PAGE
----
Social Media – Cherry Picking What’s Important!
Unless you have been living under a rock for the last few years, you will have seen social media grow exponentially. The likelihood of finding a successful business without a social media presence is highly unlikely. However the same question is commonly asked. Does social media really matter? In a nutshell, yes, yes and yes again! After listening to a range of industry thought leaders and influencers at recent conferences and seminars, I have cherry-picked the most important ideas. Most notably, where to start, how to continue, and why social media really does matter.
What is clear from the market-place is that there is a glaring difference between having a social media presence, and utilising social media for opportunities. Using Facebook, LinkedIn and Twitter to its full potential is not being achieved by a large number of businesses. It can be daunting in the beginning, so I have looked at what some of the most influential thought leaders in this area are saying to get a fuller picture, and understand the most valuable aspects from those in the know how.
Katherine Robinson, Sourcing Recruitment Manager at Capgemini Consulting, believes that implementing a social media programme can be broken down into 3 parts:
The first step is mapping. “This is the most crucial part” Katherine points out, “this is the ground work, knowing your targeted markets, companies, job boards, what are the most popular social networks in this medium”. Searching is utilising Google, Bing, LinkedIn, Twitter, Facebook etc. to promote the brand, while the final step in monitoring. “After a period of time, you do not want to have to keep up the hard graft. RSS feeds, Google Alerts, following companies and brands etc. should make the process more simplified.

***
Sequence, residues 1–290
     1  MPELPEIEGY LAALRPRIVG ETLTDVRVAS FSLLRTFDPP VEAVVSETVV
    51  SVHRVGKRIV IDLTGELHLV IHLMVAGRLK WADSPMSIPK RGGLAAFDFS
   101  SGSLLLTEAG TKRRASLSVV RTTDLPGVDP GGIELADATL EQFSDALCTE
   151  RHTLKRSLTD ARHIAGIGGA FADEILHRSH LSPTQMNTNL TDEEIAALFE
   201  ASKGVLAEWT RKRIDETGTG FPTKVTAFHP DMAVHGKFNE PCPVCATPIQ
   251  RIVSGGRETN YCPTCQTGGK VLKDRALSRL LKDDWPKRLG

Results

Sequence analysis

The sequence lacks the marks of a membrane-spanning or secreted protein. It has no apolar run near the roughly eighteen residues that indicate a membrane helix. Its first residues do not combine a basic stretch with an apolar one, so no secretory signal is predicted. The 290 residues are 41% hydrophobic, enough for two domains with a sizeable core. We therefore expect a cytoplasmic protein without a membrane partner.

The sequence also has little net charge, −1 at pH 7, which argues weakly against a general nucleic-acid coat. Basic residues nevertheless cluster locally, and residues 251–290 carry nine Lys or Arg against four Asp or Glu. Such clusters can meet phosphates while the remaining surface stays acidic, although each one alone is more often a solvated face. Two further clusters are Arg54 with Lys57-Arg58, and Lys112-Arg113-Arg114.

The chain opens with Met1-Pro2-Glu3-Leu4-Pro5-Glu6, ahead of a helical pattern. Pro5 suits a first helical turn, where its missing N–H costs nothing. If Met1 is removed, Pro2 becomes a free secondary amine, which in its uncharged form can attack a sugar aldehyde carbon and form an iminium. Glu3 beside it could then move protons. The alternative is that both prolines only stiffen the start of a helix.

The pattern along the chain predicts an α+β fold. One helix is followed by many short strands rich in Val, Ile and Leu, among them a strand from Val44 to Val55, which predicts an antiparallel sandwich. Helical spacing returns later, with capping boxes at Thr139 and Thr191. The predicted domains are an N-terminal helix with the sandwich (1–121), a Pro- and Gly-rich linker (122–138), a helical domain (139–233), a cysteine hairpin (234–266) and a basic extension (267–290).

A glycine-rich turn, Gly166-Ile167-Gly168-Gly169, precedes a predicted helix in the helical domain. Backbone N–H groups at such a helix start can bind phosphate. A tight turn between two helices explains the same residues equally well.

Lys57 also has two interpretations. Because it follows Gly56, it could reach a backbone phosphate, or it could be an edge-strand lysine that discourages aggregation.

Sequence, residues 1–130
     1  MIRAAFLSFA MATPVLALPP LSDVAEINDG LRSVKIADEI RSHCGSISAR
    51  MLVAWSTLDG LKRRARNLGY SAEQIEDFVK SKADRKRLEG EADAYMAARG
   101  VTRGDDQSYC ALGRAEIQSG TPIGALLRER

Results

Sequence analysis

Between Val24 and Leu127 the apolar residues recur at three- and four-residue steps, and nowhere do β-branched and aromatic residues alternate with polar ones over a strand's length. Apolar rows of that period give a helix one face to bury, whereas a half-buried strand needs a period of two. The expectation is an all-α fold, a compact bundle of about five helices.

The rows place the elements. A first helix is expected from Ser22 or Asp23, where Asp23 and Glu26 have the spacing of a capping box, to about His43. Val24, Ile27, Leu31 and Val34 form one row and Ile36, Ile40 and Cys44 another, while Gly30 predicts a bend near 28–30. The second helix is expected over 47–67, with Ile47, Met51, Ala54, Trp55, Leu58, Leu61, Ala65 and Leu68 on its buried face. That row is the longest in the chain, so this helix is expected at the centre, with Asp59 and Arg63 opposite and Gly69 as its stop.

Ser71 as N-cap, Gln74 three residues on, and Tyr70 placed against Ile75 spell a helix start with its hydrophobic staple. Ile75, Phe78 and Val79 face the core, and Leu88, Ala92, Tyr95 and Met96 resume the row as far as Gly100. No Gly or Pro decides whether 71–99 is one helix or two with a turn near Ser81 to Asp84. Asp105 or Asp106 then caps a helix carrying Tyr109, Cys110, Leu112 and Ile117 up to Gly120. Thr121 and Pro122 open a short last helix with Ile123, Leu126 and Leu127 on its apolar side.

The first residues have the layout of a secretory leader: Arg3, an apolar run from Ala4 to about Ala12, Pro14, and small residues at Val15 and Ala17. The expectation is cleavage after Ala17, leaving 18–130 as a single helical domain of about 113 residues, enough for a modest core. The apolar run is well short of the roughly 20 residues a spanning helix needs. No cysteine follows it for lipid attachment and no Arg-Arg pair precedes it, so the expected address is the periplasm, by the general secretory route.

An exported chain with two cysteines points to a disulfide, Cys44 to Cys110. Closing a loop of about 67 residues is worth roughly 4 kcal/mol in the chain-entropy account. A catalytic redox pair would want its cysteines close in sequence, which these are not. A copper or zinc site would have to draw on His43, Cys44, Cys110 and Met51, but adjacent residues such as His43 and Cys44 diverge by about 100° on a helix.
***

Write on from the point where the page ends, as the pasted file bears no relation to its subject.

An interesting misconception of social media is that it is free. While smaller businesses tend to keep spending to a minimum, on a larger scale, investment is apparent. Andy Hyatt, Head of Digital at Bernard Hodes Group, recently highlighted that Ernst & Young Facebook page had cost in the region of $1 million dollars and required 9 full-time staff. He also dismissed the notion that social media “doesn’t matter”, a viewpoint that is often held by senior management. Hyatt demonstrated the case of Domino’s pizza in the US, where a video of two employees tampering with food resulted in negative publicity and a drop in share price. Domino’s dealt with the issue mainly through social media, and though it wasn’t widely reported, the share price rose again.
“Social media can be daunting, so pick one medium to begin with, look for the influencers in this space, see what they are doing, saying etc.”. So says Jennifer Mullins, President of Unbridalled Talent. She personally ranks LinkedIn as her preferred choice, and thinks this is the best place to start, joining groups, entering discussions etc. She believes in blogging as an excellent way of highlighting yourself as a thought leader and to drive traffic to the company website.
Two things are apparent from listening to the experts. Firstly, social media is only as complicated as you want it to be. You can start out with one medium, observe others, and work your way up as you get a better understanding. Secondly, a plan is essential. In order to plan you need to appreciate where you are in terms of social media, and what you want to achieve with it. Once this is established, you can formulate ideas on how to take the project forward. The plan can change in light of changing circumstances, but a blueprint is required for reference and accountability purposes. Then it’s time to comment, post, blog and tweet!
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